Google Maps: Short term fix and long term problems in LBC

Update 6:00 pm 10/15/08

Maps Guide Jen has commented below:

Looks like the team was able to get a fix through faster than expected. Most people who were experiencing this error should find that it’s resolved. There may be some people who are still seeing a server error. Those people should file a reinclusion request for their account.


Today, Google’s Maps Guide Jen has announced a short term fix to the recurring system error in the Local Business Center. She notes that Google will provide a fix to anyone reporting the problem in the Group while they work on a longer term repair. If you are experiencing the dreaded System Error report it to Google in this thread and they will take care of it.

TOPIC: System Error accessing Local Business Center
== 1 of 1 ==
Date: Tues, Oct 14 2008 4:39 pm
From: “Maps Guide Jen”

Hi All,

I know this update was a long time coming. The issue is spread throughout the Local Business Center. Because of this, we’re trying to implement a wider-spread fix. In the meantime, we’ll be working to restore access for those who have reported receiving a System Error in this and other threads throughout the group. If you’re still seeing this error next Monday, feel free to push back and let us know.

Thanks for your patience,

Google Maps: Hijackers hit Major Brands

Searchengineland has published my newest installment in the ongoing series on hijackings at Google Maps: Problems Continue With Google Local Business Listings. The same hijackers that hit the florist industry hijacked the local listings of major brands like Mariott, Hertz, Avis and Thrifty changing location, url and business name. The change of business name was such that the listings achieved Authoritative OneBox status with searches like: Orlando HotelsMiami Discount Car Rental & Dallas Discount Car Rental.

It is an interesting story which leads to as many questions as answers, not the least of which being: Why would Google not shut these spammers down after they had hijacked the florists?

You can Sphinn this story here.

Google Maps: relative value of a OneBox vs top organic results

Steve Espinosa has some interesting preliminary research on the relative click thru rates of a #1 listing in the Local 10-Pack and a simultaneous #1 listing in organic. The organic listing showed 1.6x the click thru of the the Local 10 Pack listing. As it is preliminary research and only looked at click thru not call in or other measures of action, it is an important piece of research but doesn’t speak to ultimate customer action.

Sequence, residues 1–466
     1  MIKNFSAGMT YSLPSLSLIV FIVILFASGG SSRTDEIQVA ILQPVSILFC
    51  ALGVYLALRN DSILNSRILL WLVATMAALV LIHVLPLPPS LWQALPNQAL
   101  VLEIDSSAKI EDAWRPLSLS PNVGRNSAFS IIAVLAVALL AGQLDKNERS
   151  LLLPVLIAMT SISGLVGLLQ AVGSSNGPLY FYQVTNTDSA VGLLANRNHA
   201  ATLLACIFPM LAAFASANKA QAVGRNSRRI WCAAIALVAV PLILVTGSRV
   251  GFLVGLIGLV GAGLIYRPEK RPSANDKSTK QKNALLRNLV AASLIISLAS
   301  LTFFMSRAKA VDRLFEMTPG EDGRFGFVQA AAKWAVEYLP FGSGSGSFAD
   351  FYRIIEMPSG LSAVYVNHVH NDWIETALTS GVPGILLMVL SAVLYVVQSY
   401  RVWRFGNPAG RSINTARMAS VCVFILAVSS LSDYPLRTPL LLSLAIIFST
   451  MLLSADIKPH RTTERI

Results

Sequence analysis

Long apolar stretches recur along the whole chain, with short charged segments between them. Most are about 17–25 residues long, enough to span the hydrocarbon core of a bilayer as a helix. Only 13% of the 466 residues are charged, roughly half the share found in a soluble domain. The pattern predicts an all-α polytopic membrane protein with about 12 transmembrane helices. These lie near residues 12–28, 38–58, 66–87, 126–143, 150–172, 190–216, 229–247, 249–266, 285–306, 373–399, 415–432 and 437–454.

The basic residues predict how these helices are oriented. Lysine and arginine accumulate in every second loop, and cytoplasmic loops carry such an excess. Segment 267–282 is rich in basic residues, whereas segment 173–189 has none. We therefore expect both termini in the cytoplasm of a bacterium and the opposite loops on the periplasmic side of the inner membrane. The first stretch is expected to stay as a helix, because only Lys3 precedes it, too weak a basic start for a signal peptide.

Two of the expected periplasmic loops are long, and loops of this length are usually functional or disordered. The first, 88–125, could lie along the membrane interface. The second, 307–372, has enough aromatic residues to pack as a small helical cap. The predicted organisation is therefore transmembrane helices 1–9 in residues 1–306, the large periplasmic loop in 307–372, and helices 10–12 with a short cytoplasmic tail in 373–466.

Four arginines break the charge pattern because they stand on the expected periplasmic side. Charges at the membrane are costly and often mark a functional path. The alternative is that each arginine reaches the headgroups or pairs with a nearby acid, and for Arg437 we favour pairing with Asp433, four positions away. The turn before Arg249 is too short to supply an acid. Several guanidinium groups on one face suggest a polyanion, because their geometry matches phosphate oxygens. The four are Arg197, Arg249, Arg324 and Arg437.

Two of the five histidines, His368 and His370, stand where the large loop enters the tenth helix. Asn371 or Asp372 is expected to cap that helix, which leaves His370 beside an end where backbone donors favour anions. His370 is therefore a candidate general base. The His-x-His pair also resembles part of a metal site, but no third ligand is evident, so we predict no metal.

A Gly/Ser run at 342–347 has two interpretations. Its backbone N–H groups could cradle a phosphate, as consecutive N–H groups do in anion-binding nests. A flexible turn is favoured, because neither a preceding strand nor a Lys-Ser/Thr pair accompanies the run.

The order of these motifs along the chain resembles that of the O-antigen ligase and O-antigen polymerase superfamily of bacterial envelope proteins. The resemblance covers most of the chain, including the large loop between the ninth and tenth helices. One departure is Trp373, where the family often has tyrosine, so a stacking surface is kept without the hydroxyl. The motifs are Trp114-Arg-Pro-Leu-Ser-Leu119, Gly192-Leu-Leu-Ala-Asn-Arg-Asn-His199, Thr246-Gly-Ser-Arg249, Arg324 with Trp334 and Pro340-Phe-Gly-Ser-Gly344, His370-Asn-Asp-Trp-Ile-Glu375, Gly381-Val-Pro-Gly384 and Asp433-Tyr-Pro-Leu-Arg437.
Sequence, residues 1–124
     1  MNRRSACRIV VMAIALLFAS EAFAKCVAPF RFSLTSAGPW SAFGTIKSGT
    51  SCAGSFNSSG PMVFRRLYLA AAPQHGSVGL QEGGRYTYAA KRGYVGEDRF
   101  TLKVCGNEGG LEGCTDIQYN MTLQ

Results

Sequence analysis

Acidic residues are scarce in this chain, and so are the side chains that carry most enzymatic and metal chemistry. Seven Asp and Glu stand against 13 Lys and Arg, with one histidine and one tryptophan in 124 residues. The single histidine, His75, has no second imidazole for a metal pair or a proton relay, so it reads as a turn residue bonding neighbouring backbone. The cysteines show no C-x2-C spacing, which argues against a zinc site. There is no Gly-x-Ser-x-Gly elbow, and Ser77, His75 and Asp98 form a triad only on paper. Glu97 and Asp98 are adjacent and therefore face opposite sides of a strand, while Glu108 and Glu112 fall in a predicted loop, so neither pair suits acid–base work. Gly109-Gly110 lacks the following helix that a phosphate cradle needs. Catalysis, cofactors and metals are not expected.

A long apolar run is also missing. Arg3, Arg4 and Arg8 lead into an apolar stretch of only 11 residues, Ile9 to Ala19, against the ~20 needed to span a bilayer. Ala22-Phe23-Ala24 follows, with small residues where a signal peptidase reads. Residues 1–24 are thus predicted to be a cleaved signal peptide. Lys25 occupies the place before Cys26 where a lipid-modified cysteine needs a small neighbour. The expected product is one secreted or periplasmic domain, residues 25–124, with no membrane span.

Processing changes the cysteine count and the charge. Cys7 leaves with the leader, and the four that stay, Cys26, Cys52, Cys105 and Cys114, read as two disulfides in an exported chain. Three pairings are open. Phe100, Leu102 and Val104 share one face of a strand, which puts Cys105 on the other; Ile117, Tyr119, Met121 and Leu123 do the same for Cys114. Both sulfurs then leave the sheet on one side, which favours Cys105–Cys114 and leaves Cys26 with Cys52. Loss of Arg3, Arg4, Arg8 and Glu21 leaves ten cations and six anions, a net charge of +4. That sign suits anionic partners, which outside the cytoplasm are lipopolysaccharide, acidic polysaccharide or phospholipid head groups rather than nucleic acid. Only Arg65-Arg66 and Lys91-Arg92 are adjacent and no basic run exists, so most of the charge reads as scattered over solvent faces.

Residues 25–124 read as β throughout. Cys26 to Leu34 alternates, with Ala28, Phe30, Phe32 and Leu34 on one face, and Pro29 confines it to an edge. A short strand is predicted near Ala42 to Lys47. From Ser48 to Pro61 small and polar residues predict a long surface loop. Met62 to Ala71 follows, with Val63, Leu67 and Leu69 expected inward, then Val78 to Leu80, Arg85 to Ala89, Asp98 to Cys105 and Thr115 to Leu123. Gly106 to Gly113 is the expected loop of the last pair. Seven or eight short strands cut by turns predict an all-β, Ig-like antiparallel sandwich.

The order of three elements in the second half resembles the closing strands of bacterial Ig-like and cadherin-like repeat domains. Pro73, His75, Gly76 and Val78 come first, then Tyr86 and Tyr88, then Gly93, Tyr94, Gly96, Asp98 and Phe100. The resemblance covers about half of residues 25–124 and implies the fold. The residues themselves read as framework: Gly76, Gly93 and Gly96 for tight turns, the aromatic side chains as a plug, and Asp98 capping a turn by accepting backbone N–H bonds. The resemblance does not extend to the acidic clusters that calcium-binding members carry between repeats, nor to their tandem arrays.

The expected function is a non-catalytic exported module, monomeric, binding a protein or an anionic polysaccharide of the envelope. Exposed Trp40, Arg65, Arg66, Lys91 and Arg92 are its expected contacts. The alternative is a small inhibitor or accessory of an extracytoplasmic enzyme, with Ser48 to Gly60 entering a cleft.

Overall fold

According to TMP’s  Local Search Usage Study : Following online local searches, consumers most often contact a business over the telephone (39%), visit the business in-person (32%) or contact the business online (12%).

If one works out the combined math of the two studies (a not very reliable number I assure you), in the end the top local ranking would still provide more client contacts either via phone or in person than the organic ranking.

At the end of the day, Steve’s research can not be viewed as a reason to not focus on local but rather as a call to action on the organic side. I think he would agree that, in the excitement around local, you can’t forget organic’s power and that in an ideal world a business would use every tool available to them. However, many times, due to the nature of a business, a business may not be able to legitimately play in the Local space and their only recourse is to optimize their website for local phrases. 

Another interesting outcome of Steve’s initial research was “the fact is that the majority of the users who got to the site via the natural link had resolution above 1024×768 and the majority of users who visited via the Onebox result had resoultion of 1024×768 or under.”

As Steve pointed out, this could be do the greater real estate visible to those with larger screens and thus greater visibility of organic listings above the fold. It could also, however, be due to the differences in font size with which Google represents the results. Steve has also done some interesting research on the value of visual authority and in this case the user might be attracted to the greater font size of the organic listing and wandered away from the smaller type faces presented in the 10-Pack. I have seen some recent heatmaps that seem to indicate that more users are moving further down the page when presented with a Local 10-Pack.

Great area for further research! If anyone has the heatmap info I would love to see it or if anyone is doing the research I would love to hear about it. Your thoughts? Does anyone have a recent heatmap?

Google Maps: LBC broken and more

This posting from yesterday’s Google Maps Business Owners Group was of interest to me.

The Local Business Center has been broken for several weeks, preventing many business owners from updating listings. There have been numerous reports in the Groups of this problem.

As noted in the comment, when a business attempts to update an LBC record, the following message is frequently recieved:

System Error
We’re sorry, but we are unable to serve your request at this time.

Google acknowledged the error on October 1 and it was reported of and on since late August. Google has not identified a timeframe for its repair.

TOPIC: Unable to list my listings on google map.

== 1 of 1 ==
Date: Sat, Oct 11 2008 2:46 am
From: “”

Hello, I am a freelancer from india and working from home. I currently
got job for adding 1400 google business listings of uk restaurants and
each listings needs to be added under individual google account. The
verification method i have to choose is verification by post card. So
that those individual restaurants can receive confirmation pin code at
their end and they can login to google with their account and can